Flower Magazine

MAR-APR 2019

Browse "flower" to learn techniques from established and up-and-coming designers, be inspired by the floral decor of weddings, galas, and flower and garden shows, and infuse your lifestyle with chic floral fashion and home decor.

Issue link: http://digital.flowermag.com/i/1080177

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Page 75 of 91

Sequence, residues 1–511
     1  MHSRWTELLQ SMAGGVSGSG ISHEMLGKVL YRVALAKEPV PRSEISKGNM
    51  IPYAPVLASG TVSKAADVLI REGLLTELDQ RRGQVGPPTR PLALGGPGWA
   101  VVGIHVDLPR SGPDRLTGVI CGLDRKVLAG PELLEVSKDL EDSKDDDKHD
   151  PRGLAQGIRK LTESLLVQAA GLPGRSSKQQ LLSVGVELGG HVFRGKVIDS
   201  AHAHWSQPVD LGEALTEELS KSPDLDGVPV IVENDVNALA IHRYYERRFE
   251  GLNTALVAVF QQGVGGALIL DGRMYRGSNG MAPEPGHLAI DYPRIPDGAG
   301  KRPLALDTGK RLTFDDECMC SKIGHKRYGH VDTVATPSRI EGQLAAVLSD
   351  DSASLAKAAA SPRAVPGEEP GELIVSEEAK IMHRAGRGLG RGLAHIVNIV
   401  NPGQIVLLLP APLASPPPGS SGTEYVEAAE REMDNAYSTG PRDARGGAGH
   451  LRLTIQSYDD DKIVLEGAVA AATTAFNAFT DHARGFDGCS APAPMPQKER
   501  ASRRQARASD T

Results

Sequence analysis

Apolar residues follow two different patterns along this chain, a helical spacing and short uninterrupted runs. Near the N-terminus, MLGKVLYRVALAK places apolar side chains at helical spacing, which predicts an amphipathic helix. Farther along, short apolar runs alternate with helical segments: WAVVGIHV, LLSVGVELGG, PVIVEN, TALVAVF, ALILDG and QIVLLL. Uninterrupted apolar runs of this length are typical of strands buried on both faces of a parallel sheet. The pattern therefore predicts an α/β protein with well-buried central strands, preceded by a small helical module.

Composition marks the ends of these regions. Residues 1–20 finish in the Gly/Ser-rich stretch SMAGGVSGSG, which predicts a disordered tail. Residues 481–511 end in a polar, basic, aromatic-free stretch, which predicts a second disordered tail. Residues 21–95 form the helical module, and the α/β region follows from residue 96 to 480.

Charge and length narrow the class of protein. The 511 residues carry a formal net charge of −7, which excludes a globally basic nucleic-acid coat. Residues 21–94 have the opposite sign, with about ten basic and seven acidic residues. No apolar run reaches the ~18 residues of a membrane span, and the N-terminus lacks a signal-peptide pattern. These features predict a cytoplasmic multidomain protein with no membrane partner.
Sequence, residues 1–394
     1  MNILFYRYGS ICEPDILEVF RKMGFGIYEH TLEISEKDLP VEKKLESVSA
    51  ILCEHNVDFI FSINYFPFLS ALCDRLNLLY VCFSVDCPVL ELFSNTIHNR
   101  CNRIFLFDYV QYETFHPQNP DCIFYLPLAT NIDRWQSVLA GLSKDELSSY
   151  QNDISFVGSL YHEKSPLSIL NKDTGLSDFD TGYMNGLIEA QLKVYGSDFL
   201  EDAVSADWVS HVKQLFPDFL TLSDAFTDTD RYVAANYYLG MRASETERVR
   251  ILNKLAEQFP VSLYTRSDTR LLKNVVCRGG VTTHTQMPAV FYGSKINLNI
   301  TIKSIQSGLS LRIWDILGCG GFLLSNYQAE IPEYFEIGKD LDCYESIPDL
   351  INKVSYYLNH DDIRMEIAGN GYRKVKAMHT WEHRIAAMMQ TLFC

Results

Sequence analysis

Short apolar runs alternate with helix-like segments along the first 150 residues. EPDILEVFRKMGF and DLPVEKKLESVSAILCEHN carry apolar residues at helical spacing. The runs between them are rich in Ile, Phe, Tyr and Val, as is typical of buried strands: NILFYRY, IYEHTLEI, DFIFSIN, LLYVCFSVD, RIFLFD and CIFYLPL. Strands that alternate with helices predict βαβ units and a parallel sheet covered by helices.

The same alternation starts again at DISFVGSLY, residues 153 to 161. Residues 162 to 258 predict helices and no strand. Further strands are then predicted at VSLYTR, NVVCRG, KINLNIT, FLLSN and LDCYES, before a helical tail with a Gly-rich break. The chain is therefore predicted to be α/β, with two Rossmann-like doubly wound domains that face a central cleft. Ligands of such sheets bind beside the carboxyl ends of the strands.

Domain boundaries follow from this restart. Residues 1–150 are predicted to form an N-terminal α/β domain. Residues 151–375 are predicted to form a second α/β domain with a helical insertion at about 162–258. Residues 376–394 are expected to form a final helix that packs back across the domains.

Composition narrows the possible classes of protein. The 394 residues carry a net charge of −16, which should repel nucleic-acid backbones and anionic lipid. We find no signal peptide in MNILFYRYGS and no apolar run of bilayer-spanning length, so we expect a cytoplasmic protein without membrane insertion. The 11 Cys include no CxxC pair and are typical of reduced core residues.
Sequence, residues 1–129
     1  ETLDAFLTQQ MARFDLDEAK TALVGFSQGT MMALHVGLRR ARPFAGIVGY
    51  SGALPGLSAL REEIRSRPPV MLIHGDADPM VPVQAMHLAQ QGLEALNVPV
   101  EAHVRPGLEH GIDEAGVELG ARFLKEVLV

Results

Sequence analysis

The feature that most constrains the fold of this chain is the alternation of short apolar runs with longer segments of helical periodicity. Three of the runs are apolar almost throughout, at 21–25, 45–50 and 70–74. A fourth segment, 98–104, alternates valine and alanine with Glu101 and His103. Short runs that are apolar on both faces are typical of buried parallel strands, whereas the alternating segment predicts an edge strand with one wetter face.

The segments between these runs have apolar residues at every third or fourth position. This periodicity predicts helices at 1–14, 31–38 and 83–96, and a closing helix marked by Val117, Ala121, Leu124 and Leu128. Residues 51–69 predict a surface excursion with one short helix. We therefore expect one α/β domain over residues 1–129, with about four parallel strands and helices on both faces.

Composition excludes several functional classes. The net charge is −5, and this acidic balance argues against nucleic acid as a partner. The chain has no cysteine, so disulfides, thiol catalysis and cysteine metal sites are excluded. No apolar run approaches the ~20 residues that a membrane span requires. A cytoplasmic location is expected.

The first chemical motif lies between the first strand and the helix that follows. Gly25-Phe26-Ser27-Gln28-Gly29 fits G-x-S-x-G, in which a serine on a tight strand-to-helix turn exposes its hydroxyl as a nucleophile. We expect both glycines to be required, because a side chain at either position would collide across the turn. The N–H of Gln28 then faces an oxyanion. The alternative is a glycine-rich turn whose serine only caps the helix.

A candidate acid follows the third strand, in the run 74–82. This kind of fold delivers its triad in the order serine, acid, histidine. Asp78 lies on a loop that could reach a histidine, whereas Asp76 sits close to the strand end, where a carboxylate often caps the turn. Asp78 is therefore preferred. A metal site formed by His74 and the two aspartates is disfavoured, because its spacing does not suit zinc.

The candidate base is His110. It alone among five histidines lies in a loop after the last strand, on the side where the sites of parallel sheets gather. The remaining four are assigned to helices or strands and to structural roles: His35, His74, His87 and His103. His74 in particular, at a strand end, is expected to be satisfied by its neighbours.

piece is still grounded in history. It adds a wonderful value for clients, and their story becomes part of its provenance." Although Whittaker admits having a preference for antiques, she doesn't limit her choices. "Even though those things are nearly impossible to replicate, we are seeing some wonderful new things coming out of High Point," she says. "There are so many antique forms resurfacing in design, and the furniture and accessories market is exploding." Just as Whittaker likes to refresh antiques with new fabrics, she often tweaks new pieces to give her client that one-of-a-kind look. "There's so much customization in design now, it's almost expected," she says. "There's nothing better than finding a discontinued paper or fabric and reprinting it in a new color." The designer's approach to color is part of what makes her spaces inimitable. "Color is the thread that carries the eye from room to room," Whittaker says. "Sometimes you can look for it in the beginning of a project, but sometimes it doesn't reveal itself until you are halfway through the planning stages." A Florida native, Whittaker has always been drawn to tropical colors and botanical prints. For other inspiration, she looks to fabrics, art, and the hand-painted wallpapers she's so fond of. "Scenic papers from Gracie and de Gournay set up a palette so well. Their details lead us down so many beautiful paths," she says. "Sometimes you find your lead color in the smallest place—a leaf or flower or the feathers on a bird." Using that cue, Whittaker splashes the color on walls, upholstery, and accessories, layering textures and introducing complementary tones along the way. Still, she says, it doesn't matter how colorful, layered, or carefully planned a space is. "For a house to be a home, it has to be happy." PHOTOS BY MAX KIM-BEE (LEFT) AND ERIC PIASECKI (RIGHT) BELOW: A de Gournay wallpaper brings the English countryside to an Upper East Side entry hall. Silk lampshades, along with the trim on the 1950s settee, introduce a pop of burgundy. The checked floor (statuary honed marble in Blue de Savoie) is a classic choice. OPPOSITE: A custom-colored Bennison fabric adorns the walls in the master bedroom of a New York apartment. "The delicate pattern on the walls contrasts the larger pattern on the canopy," Whittaker says. 74 | M A R C H /A P R I L 2 0 1 9 ASHLEY'S NEW YORK MUSTS The designer divides her time between her home in Millbrook, New York, and her office on Manhattan's Upper East Side. Here's where you can find her in the city: DINING Lunch: When she's craving a burger and cottage fries, Whittaker says J.G. Melon is a can't-miss. She frequents the location a couple of blocks from her office. Dinner: For Whittaker, the Cajun chicken dish at Le Bilboquet is a winner. Just be sure to make a reservation. FAVORITE HOTEL FOR A COCKTAIL For after-work refreshments, Whittaker heads to Bemelmans at The Carlyle. Named for the illustrator of the Madeline children's books, the Art Deco bar is the only surviving public space that showcases his large-scale murals. GO-TO FLORIST For events big or small—or just a cheery bouquet, she uses Connie Plaissay at Plaza Flowers. Whittaker's favorite blooms are anemones. POP-IN SHOP At the Upper East Side shop KRB, Whittaker likes the evolving selection of antique and vintage furniture and new home accessories from the oh-so-chic owner and curator Kate Rheinstein Brodsky. For more information, see Sources, page 76

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